10 Statistics on Hospital Admissions From the ED

By 2009, inpatient admissions from the emergency department accounted for approximately half of all hospital admissions excluding live births, according to a Rand Corp. research report, "The Evolving Role of Emergency Departments in the United States."

In 2009, about half of all hospital admissions came from the ED.Rand Health, a division of Rand Corp., researched ED use through a review of recent literature, analysis of four HHS datasets and the Community Tracking Study, three focus groups with emergency medicine and hospitalist physicians and interviews with 16 primary care physicians. Here are 10 key findings from the study:

•    From 2003 to 2009, hospital inpatient admissions grew 4 percent, which was slower than the rate of population growth. However, the growth in inpatient admissions is nearly all due to a 17 percent in increase in unscheduled inpatient admissions from EDs.

•    From 2003 to 2009, inpatient admissions from physicians' offices decreased 10 percent.

•    In 2009, the majority of inpatient admissions from EDs were patients covered by Medicare compared with other payors.

•    In 2009, 73 percent of uninsured patient admissions were admitted from the ED.

•    Medicare beneficiaries are 3.4 times more likely to be admitted to the hospital at the end of an ED visit than privately insured patients.

•    The likelihood of hospital admission from an ED did not vary significantly between patients covered by a plan with care coordination (such as Medicare Choice) and patients covered by a plan without care coordination, such as Medicare fee-for-service.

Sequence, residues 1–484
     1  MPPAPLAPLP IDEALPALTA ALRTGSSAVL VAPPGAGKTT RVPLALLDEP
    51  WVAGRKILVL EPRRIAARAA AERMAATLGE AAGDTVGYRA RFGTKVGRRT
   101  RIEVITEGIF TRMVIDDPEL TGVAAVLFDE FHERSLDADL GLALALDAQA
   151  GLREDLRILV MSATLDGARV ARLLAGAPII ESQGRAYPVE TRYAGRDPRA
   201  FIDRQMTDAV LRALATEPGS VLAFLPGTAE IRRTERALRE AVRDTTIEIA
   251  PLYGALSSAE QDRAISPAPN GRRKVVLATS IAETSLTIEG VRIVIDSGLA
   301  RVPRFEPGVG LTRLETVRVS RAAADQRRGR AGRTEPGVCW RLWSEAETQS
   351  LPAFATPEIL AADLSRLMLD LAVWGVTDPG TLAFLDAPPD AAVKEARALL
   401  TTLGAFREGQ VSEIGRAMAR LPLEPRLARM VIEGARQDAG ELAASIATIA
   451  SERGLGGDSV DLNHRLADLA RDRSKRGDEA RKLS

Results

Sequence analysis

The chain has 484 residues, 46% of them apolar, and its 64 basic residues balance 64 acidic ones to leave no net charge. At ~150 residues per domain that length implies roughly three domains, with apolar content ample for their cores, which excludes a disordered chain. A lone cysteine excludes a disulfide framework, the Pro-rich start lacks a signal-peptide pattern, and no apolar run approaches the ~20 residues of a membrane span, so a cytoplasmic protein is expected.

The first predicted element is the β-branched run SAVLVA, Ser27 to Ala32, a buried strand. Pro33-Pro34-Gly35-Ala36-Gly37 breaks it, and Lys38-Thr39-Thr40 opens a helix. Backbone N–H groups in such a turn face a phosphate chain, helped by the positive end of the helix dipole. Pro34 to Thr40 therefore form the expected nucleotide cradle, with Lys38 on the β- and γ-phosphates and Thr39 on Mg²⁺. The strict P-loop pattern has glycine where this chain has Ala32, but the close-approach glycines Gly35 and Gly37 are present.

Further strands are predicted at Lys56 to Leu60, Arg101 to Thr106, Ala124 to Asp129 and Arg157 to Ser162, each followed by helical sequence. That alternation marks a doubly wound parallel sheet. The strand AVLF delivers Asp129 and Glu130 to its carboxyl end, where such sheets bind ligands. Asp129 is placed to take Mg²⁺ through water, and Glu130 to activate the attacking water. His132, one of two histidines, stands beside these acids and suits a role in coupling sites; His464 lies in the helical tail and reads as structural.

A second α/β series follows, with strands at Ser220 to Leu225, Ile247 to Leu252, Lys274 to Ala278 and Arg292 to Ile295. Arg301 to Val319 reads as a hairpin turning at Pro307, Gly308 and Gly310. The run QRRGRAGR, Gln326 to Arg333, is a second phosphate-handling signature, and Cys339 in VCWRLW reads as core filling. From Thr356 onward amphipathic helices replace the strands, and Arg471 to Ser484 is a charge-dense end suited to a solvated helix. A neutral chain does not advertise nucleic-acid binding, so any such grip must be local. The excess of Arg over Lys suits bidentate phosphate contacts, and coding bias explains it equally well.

•    From 2000 to 2009, the rate of inpatient admissions from the ED for patients with "potentially preventable admissions" remained stable.

•    In 2003, among patients whose last ED visit was for a health problem other than an accident or injury, 58 percent said they were unable to contact their physician or another health professional before they sought care in an ED. However, only 15 percent made an attempt to contact their physician before seeking care in an ED.

•    In 2003, only 12 percent of patients who did not attempt to contact their physician before seeking care in an ED were aware of other places they could have gone for care.

•    In 2003, four out of five patients who contacted a healthcare professional before seeking care in an ED were advised to go to an ED.

More Articles on ED Utilization:

Report: ED Physicians Key to Reducing Healthcare Costs
Study: ICU Admissions From ED Increased Nearly 50%

Medicare Patients' Severity of Illness, ED Use Increased 2006-2010

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